Could the Euro Be Threatened by Rajoy’s Refusal to Ask for Aid?
One of the big questions being asked right now is this: What’s next for the euro? While many Forex traders act as though the eurozone will pull through, the truth is that there has been no real progress in the debt crisis situation, and no plans for preventing something similar from happening in the future.
The big concern right now is what happens if Spanish Prime Minister Mariano Rajoy continues the current policy of refusing to ask for aid from the European Stability Mechanism. So far, Rajoy has been reluctant to ask for aid because it would require austerity measures that would be unpopular with Spanish citizens.
Standard and Poor’s Rating Service just downgraded Spain again. There are hopes that the move will spur action from Rajoy and the Spanish government, but that remains to be seen. So far today, though, the news hasn’t had a hugely negative impact on the euro. The 17-nation currency continues to gain against the US dollar, and risk appetite is providing support.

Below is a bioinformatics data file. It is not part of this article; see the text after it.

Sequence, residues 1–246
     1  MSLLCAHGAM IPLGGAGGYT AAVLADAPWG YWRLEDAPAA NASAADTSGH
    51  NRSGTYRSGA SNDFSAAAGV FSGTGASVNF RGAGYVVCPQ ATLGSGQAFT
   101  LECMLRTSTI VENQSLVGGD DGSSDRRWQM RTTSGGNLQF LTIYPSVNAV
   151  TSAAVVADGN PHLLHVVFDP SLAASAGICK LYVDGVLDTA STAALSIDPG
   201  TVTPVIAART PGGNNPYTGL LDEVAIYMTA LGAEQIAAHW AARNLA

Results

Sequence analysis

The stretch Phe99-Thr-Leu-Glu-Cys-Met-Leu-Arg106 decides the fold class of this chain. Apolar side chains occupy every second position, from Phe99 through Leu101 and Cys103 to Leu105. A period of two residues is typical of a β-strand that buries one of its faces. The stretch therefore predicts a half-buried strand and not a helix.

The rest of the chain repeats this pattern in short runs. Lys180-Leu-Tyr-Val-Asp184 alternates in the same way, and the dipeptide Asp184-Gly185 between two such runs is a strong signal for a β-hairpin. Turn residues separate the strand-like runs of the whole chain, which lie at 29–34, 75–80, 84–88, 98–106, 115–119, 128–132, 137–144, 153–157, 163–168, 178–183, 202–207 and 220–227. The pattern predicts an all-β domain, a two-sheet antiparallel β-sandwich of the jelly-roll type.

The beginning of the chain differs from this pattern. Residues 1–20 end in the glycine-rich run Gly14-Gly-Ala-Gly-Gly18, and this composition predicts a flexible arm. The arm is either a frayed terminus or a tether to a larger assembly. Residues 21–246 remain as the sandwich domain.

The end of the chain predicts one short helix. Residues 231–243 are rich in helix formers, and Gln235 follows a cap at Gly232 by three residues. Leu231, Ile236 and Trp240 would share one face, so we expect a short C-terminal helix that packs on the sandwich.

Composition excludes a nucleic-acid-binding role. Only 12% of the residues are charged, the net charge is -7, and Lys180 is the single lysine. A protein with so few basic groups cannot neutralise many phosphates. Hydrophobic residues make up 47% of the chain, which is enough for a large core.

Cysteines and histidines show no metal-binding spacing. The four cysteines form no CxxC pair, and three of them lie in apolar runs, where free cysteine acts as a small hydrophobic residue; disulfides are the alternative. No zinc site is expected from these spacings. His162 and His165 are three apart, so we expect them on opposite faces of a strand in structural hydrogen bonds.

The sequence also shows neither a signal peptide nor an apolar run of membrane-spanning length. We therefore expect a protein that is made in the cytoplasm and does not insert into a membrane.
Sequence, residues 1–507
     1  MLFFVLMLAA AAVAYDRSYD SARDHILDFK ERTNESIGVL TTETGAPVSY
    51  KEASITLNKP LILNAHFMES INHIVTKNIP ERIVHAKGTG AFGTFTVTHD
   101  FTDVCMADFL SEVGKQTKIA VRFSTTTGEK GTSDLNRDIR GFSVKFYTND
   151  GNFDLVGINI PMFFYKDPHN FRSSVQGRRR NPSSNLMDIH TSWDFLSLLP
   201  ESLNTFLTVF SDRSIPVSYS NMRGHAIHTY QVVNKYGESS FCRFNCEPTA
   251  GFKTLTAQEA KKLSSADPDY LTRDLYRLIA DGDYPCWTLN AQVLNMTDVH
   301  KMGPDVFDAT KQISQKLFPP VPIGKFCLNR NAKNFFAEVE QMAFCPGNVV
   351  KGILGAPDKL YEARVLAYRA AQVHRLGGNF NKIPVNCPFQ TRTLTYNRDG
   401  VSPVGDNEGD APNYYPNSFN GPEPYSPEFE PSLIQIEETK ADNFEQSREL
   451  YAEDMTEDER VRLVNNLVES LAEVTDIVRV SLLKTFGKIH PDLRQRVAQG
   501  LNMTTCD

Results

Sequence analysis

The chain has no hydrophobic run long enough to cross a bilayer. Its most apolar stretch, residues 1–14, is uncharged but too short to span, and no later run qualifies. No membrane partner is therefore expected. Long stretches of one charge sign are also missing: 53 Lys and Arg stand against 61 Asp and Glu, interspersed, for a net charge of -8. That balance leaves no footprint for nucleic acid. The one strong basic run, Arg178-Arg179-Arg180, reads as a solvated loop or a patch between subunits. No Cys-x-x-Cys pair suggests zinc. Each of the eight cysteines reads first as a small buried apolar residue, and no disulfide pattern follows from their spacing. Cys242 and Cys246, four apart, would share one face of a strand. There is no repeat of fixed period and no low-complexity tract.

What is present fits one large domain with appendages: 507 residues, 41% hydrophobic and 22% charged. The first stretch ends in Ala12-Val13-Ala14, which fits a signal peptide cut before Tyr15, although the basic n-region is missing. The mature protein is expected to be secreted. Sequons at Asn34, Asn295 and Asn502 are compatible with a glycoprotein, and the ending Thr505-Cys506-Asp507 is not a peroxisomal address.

However, down the road, there could be serious problems. The International Monetary Fund is warning that refusal to ask for aid could mean even bigger problems for Spain — and for the credit market in general.
At 13:15 GMT EUR/USD is up to 1.2938 from the open at 1.2875. EUR/GBP is up to 0.8067 from the open at 0.8044. EUR/JPY is up to 101.5985 from the open at 100.6550.
If you have any questions, comments or opinions regarding the Euro, feel free to post them using the commentary form below.
Earlier News About the Euro:
- IMF Comments Weigh on Euro (2012-10-10)
- Euro Maintains Losses After Draghi's Speech (2012-10-09)
- Euro Stays Lower on IMF Projections (2012-10-09)
- Euro Rallies After Two Week of Losses, Can It Keep Gains? (2012-10-06)
- Euro Gains Against US Dollar on Spanish Bonds and US Jobs (2012-10-05)